Factors for PAs to Consider When Contemplating an Advanced Degree

LOS ANGELES — Dermatology physician assistants might think that putting in the blood, sweat, and tears to earn one advanced degree is enough, but not Michelle DiBaise, DHSc, PA-C, DFAAPA.

DiBaise, professor and chair of physician assistant studies at A.T. Still University in Mesa, Arizona, already holds a Doctor of Health Science (DHSc) degree, but she’s seriously considering pursuing a second doctorate, or a master’s in public administration or a master’s in public health, “just because I love to constantly learn,” she said. “I am in that bucket.”

During a panel discussion at the annual fall meeting of the Society of Dermatology Physician Assistants, she discussed the pros and cons of obtaining an advanced degree. The most common doctoral degree that PAs are seeking now is the Doctor of Medical Science (DMSc), said DiBaise, who has practiced in the areas of pulmonology, orthopedic surgery, and dermatology. Other available degrees for PAs include the DHSc, Doctor of Philosophy (PhD), and Doctor of Education (EdD) degrees. She recommends the EdD, “if you are going into an academic area, because you’re going to get heavy pedagogy and andragogy training.”

Benefits of an advanced degree include the potential for improving your understanding of quality improvement, health policy/legislation, and administrative functioning. It also may open opportunities to expand your role at work. “Another reason that PAs seek an advanced degree is to have professional parity,” she added. “There’s also a possibility for promotion, either through advancement or increased compensation.”

One key factor to consider is individual preferences on how to study for an advanced degree — for example, learning online or in a classroom in person. “Online is generally asynchronous so you can do it on your own time while you’re working,” DiBaise said. Other questions to consider include the following:

  • What does the advance degree cost?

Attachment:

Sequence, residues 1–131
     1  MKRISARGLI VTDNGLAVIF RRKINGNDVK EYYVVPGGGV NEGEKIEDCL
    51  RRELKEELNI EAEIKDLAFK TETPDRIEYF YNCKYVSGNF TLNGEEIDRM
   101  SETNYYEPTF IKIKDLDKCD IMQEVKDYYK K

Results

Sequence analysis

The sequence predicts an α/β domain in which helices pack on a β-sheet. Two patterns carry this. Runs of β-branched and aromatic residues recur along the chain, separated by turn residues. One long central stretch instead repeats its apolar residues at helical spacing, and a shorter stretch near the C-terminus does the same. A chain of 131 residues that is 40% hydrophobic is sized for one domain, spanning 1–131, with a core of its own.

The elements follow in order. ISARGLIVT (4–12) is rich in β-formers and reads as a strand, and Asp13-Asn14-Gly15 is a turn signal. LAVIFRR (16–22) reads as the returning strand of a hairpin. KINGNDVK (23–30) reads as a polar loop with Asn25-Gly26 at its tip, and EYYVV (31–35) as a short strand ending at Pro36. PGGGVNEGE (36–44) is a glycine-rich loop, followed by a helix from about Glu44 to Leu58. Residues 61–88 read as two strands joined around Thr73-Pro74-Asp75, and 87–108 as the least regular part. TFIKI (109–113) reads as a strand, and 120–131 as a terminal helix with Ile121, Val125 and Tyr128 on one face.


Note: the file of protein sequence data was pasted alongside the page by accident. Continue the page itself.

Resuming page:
• What are the financial aid opportunities?

  • What’s the time commitment?

  • How will this impact family life?

  • What’s the time required to complete the degree?

“Some degrees are 1 year, some are 2 years, and some can be as long as 4 years,” she said. “As for how the doctorate will position you in the workforce, that question may not be as important to you if you just love to constantly learn.”

DiBaise also discussed the benefits and drawbacks of PAs working in academia as a career track, whether they have an advanced degree or not. In the academic setting, “you are content experts, so you can impart your knowledge to future generations, just as others did for you when you were coming up through the ranks,” she said. There is also potential for a more flexible schedule, which depends on the program “and how far up the leadership role you might take in academia,” she added.  

Potential drawbacks to working in academia include the steep learning curve required to apply principles of pedagogy and andragogy in the classroom — “essentially how you teach adult learners,” said DiBaise, who has served as president of the Society of Dermatology PAs in addition to serving as president for the Nebraska, Iowa, and the Arizona state PA associations. “Also, our students can Google anything while they’re sitting in the classroom listening to you talk, and they constantly challenge you, so you have to be prepared for that. You need to develop a thick skin against student criticism. They’ve grown up on social media and are allowed to make biting remarks [on faculty evaluations] because the evaluation tool is an anonymous platform. You have to learn to filter out what is not going to be helpful in changing the curriculum or changing your teaching style.”

Other potential drawbacks to working in academia are the possible requirements to work outside of normal business hours for graduations, white coat ceremonies, and other events, and a level of compensation that is generally less than what can be earned in clinical practice.

For those PAs who have a hunch that academia may be a good fit for them, one way to get a foot in the door is to serve as a preceptor. “You’d be training future PAs, and there is a huge interest in dermatology,” DiBaise said. “Our clinical coordinators are always looking for PAs who would be willing to serve as preceptors. This makes you eligible for category 1 CME from the American Academy of Physician Assistants. Another thing you can do is contact local programs in your area to provide dermatology lectures and to assist in labs, especially biopsying and suturing. Training PAs in the use of dermoscopy is another area of interest.”

Applying for a full-time faculty position in academia is also an option, but DiBaise recommends teaching a course or two as an adjunct first. “Academia is not easier than clinical practice. It’s not better than clinical practice. It’s different than clinical practice. Some people get into it and find out immediately that it’s not for them, and they quit. If you’re not sure, test the waters first.”

DiBaise has disclosed no relevant financial relationships.

Society of Dermatology Physician Assistants (SDPA) 19th Annual Fall Dermatology Conference: Presented November 5, 2021.

Doug Brunk is a San Diego-based award-winning reporter for MDedge and Medscape who began covering healthcare in 1991. He is the author of two books about the University of Kentucky Wildcats men’s basketball program.

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